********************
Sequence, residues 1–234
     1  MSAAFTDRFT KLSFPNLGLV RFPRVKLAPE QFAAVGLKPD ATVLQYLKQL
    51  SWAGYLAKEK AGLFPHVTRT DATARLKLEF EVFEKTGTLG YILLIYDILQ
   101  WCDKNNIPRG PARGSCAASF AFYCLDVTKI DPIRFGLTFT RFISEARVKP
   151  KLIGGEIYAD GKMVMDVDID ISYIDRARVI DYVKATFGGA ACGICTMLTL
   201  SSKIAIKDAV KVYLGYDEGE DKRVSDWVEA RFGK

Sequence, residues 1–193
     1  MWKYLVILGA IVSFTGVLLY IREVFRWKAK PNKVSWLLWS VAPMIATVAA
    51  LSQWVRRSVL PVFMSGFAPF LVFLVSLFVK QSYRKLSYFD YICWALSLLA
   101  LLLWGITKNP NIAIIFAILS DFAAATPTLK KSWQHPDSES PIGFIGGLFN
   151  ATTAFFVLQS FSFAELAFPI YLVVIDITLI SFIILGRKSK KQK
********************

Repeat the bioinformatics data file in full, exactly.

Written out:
Sequence, residues 1–234
     1  MSAAFTDRFT KLSFPNLGLV RFPRVKLAPE QFAAVGLKPD ATVLQYLKQL
    51  SWAGYLAKEK AGLFPHVTRT DATARLKLEF EVFEKTGTLG YILLIYDILQ
   101  WCDKNNIPRG PARGSCAASF AFYCLDVTKI DPIRFGLTFT RFISEARVKP
   151  KLIGGEIYAD GKMVMDVDID ISYIDRARVI DYVKATFGGA ACGICTMLTL
   201  SSKIAIKDAV KVYLGYDEGE DKRVSDWVEA RFGK

Sequence, residues 1–193
     1  MWKYLVILGA IVSFTGVLLY IREVFRWKAK PNKVSWLLWS VAPMIATVAA
    51  LSQWVRRSVL PVFMSGFAPF LVFLVSLFVK QSYRKLSYFD YICWALSLLA
   101  LLLWGITKNP NIAIIFAILS DFAAATPTLK KSWQHPDSES PIGFIGGLFN
   151  ATTAFFVLQS FSFAELAFPI YLVVIDITLI SFIILGRKSK KQK